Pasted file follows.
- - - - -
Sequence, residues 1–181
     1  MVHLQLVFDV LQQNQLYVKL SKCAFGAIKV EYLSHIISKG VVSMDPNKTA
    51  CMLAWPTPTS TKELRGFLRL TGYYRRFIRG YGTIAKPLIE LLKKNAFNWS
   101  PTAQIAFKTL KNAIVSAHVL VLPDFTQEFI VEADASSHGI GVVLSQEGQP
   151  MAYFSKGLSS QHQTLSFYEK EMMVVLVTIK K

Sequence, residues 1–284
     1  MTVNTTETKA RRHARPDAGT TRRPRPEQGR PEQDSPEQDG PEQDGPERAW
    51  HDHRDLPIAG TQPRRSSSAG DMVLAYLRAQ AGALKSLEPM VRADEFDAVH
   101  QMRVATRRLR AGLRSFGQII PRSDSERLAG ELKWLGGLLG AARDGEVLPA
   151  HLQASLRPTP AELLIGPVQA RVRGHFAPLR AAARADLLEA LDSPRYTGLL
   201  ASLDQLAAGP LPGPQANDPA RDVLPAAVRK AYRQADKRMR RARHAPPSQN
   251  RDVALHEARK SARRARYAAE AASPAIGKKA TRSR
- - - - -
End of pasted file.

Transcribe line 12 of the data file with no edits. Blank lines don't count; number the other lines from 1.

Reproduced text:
   251  RDVALHEARK SARRARYAAE AASPAIGKKA TRSR